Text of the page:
When a relationship therapist gets dumped right before her new dating handbook hits shelves, she fake dates to save face in this spicy romantic comedy.
There are a lot of things that can go wrong on an author's publication day, but breaking up with her long-term boyfriend might just be at the top of Jessica Gallagher’s list. She also didn’t expect to run into her old crush, Galvin Baker, the very next day. When Jessica goes into crisis mode about the PR nightmare, she proposes the first solution that comes to mind: fake dating. Luckily, Galvin seems game.
Galvin Baker is used to being a constant disappointment, which is why he can’t—and won’t—commit to a relationship. Unfortunately for him, his last girlfriend used her vast social media power to make sure everyone knows how much Galvin "underperforms.” Fake dating for Jessica’s book promotion seems like the perfect cover—and maybe she can teach him something along the way.
Hookups “for science” and some seriously sweet gestures later, Jessica and Galvin’s fake dates are feeling more authentic than any of their previous relationships did. Have they replaced unrealistic expectations with unexpected realness?
TLDR: This book is for readers who relate to late-blooming heroines, enjoy reformed rakes, and don’t mind HFN (happy for now) endings.
I really like Andie’s writing style and smart-alec heroines. I really like that her heroines enjoy a judicious placement of an F-bomb in their everyday conversation. They are some of the more relatable heroines out there for the modern rom-com. And honestly I would love to actually read Dr. Gallagher’s self help book, Ten Things Not to Do If You Ever Want to See a Naked Girl Again: The Straight Man’s Guide to Not Dying Alone in a Pile of Dirty Underwear. I think this is a book that really needs to be out on stands right now, if Tinder and Hinge are anything to go by.
I can easily imagine Jessica’s unease and sheer shock when she returns to the apartment she shares with her fiance, only to find said-fiance is moving out of the apartment without telling her. I can easily see her concern that she has a book coming out, indicating she knows the ins and outs of keeping up a successful relationship, and apparently her fiance would rather die in a pile of dirty underwear. The panic is real. So yes, the premise, while perhaps a little hinky, fits. Both she and Galvin Baker, who has his own very real reasons for wanting to show a successful relationship, leap into fake dating to save their reputations in the social media world.
Andie’s writing is easy to fall into: we see how good Jessica and Galvin were together: the banter, the tension, the growing friends-to-lovers like relationship relayed in a believable way–with only a gnawing adage we all know: “rebound relationships never work out.” And for a while, I was much more concerned about Galvin’s potential broken heart–because it was quite clear he’d never been in love before (or at least not for nearly 20 years) and he was quite a hot mess as he realizes his vulnerability with his fake-dating girlfriend who doesn’t seem to need him nearly as much as he needs her.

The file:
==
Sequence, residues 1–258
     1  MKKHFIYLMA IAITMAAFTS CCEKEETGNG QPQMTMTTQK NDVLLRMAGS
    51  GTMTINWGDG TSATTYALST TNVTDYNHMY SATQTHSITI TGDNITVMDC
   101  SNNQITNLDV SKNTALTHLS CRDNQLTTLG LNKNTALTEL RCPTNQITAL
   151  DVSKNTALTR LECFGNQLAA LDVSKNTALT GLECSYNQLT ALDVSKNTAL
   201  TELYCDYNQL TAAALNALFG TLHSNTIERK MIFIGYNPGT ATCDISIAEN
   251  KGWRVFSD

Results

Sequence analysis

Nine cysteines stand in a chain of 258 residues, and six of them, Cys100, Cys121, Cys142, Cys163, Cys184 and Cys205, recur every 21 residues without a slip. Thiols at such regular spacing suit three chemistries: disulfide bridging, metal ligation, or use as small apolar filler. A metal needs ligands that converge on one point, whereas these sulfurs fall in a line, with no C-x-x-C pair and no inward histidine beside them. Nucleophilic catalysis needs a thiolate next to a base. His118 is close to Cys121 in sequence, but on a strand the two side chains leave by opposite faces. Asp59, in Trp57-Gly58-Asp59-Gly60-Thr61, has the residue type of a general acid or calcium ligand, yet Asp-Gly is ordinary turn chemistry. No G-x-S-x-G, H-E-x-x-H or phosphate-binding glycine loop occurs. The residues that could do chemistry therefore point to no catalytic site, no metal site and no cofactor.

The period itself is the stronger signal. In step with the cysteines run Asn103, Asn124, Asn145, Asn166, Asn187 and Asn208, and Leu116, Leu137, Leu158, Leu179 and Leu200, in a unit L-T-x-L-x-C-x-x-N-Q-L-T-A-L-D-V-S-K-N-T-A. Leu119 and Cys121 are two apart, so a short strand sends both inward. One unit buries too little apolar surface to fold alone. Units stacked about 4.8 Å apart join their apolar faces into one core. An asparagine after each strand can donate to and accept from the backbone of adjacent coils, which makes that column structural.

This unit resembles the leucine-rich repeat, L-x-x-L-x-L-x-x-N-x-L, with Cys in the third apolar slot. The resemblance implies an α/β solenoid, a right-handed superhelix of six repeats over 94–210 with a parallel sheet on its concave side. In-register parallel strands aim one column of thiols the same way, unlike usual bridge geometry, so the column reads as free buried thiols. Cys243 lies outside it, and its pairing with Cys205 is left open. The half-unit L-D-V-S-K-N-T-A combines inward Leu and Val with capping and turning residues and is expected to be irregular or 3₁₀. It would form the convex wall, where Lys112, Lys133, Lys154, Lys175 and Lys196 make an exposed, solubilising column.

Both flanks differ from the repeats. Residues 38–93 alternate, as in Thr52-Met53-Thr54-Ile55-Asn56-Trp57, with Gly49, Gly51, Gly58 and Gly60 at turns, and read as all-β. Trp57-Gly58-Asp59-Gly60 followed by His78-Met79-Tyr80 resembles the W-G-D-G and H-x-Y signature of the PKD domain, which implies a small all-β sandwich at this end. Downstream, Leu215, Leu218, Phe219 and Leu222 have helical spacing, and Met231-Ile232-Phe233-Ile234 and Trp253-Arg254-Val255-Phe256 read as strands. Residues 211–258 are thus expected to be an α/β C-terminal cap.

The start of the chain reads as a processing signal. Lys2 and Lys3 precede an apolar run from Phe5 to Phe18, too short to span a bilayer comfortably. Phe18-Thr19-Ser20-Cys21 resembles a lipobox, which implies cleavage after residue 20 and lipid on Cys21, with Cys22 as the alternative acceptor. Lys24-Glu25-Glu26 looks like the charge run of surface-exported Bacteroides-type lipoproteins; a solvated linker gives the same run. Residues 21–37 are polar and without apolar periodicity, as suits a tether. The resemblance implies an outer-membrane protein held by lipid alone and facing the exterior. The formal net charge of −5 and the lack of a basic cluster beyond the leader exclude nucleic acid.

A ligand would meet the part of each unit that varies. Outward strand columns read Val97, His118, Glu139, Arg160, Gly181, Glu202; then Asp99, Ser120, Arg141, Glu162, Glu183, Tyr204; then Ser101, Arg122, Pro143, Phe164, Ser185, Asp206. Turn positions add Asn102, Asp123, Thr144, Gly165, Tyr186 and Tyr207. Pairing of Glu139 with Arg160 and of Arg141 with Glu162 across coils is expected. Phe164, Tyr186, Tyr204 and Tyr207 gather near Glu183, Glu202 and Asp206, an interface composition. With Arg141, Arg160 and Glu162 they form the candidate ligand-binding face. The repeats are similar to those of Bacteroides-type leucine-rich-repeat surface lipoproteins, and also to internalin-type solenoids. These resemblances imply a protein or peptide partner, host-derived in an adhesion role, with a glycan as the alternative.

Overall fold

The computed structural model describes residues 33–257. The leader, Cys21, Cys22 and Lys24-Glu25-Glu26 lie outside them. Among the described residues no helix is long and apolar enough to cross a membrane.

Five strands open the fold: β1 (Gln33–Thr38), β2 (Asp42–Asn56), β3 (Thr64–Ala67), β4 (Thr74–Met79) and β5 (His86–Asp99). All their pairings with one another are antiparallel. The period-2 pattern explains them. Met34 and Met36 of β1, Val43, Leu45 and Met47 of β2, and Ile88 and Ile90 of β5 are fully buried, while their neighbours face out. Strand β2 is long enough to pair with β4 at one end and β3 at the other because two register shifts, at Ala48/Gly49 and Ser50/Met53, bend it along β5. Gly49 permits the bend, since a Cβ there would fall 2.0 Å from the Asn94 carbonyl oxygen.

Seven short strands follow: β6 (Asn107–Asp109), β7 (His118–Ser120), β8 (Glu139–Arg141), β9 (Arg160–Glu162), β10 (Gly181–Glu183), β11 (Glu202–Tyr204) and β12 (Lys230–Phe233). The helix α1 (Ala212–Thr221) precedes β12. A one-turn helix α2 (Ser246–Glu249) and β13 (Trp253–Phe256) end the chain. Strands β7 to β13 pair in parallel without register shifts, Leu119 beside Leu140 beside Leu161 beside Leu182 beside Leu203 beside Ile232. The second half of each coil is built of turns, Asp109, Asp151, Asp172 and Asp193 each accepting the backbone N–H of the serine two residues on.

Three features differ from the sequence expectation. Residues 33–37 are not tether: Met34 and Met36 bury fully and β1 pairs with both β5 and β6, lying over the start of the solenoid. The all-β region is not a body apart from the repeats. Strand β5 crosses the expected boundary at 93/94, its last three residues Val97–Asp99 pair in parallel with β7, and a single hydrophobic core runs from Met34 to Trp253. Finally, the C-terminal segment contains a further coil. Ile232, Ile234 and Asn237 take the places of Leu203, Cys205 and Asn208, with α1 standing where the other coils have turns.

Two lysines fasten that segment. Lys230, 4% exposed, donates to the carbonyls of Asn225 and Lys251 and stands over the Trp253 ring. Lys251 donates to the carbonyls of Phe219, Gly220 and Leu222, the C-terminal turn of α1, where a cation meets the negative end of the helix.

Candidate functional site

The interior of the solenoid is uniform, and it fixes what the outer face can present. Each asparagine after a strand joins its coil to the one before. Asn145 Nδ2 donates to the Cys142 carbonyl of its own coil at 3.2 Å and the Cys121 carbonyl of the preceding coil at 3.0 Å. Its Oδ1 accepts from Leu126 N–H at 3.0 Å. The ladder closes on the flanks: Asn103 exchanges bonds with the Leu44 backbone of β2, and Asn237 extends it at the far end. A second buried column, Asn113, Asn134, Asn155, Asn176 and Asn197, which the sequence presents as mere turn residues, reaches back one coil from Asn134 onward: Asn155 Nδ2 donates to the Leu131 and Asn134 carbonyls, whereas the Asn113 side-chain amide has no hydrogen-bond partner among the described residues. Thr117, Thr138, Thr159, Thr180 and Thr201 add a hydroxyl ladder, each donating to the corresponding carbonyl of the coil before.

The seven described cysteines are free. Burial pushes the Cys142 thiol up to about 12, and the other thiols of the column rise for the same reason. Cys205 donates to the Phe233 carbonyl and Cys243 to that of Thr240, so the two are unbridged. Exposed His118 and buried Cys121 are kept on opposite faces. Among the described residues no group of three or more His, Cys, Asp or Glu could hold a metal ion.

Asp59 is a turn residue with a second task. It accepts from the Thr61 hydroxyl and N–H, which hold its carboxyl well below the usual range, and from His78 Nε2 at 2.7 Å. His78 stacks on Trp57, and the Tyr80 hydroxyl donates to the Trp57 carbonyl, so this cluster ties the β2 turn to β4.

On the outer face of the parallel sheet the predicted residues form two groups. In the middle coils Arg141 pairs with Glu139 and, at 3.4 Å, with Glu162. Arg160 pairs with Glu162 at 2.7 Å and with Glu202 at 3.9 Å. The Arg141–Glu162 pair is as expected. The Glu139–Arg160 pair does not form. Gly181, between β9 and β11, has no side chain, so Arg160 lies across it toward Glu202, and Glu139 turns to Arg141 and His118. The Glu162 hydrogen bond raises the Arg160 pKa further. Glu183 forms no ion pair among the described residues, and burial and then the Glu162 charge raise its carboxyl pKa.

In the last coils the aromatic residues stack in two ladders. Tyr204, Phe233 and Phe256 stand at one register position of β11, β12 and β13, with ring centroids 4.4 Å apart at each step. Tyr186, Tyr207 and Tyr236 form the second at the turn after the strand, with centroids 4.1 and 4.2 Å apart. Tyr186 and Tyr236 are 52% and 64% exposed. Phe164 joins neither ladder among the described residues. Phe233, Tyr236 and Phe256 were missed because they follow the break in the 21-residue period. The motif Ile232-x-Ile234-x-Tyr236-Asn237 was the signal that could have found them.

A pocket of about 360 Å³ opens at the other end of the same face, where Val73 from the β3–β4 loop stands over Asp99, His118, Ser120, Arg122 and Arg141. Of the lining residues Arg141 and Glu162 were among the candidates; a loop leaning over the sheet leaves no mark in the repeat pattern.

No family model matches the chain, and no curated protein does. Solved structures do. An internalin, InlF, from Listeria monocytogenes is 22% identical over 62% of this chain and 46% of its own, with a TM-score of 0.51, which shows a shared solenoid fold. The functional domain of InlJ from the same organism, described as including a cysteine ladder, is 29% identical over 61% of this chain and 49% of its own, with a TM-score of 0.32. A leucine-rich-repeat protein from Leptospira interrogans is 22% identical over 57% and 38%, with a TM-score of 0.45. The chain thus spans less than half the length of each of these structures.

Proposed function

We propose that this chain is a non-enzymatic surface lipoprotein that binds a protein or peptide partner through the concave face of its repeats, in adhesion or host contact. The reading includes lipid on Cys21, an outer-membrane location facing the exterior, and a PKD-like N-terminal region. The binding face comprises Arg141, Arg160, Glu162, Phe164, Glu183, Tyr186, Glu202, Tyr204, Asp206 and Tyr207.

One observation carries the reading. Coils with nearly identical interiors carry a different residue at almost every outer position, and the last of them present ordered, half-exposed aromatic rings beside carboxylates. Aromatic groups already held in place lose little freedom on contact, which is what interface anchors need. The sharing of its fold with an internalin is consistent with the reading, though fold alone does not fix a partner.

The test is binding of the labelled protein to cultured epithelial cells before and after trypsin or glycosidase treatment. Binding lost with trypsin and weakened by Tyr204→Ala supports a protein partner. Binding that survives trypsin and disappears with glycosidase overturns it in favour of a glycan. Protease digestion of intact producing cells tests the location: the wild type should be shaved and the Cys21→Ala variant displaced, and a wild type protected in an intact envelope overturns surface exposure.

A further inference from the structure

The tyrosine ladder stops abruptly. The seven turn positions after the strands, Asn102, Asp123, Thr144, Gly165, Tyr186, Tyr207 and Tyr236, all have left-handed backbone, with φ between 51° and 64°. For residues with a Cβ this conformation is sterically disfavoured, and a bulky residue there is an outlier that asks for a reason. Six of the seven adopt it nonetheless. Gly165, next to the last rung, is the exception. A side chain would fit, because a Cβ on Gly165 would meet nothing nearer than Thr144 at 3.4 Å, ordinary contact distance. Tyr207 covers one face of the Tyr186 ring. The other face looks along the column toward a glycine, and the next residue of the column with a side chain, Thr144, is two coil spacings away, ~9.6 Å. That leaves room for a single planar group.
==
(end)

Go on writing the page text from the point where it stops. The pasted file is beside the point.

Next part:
When it came time for the black moment, I was glad it was not something jerkish–like the hero is mean to her to “protect her because he’s not a good guy and she can do better.” While we all cut our teeth on such a hero, we can do better these days. Instead our hero blows up the relationship just as one would expect: by his insecurities and his inability to communicate effectively, neither of which he hasn’t had to really worry about before since he wasn’t sticking around. Now he wants to make this one stick, but horrors, what if she understandably dumps him? He can’t tell her he loves her–she’ll definitely run. You know, the normal issues. However, I expect this a bit more for a couple who is under 30. For a pair of 37 year olds, I expected a little better from them, even if he had never had a long term relationship and she had recently realized that in her past 15-year-relationship, she had continually made herself smaller to make sure Luke loved her.
Perhaps unfairly, I expected a bit more of Jessica because she was a licensed therapist who counsels couples just like her and Galvin. But I think the author would be the first to point out, most of us walk around with blinders in regards to ourselves, blundering around in our relationships and not doing what all the studies say to do to maintain a good relationship. None of us like being vulnerable. (I love that the author quotes Brene Brown mid-book–hilarious!)
I don’t know if Andie’s books usually have a Happy for Now type ending–but this one definitely fits that. I think they are good for each other, especially considering where they are in their lives, but I’m not sure I would mark them as a Happily Ever After couple. Mostly I want to recommend couple’s counseling to them if they’re going to continue dating, which I would hope Jessica recommends once she and Galvin work past their black moment.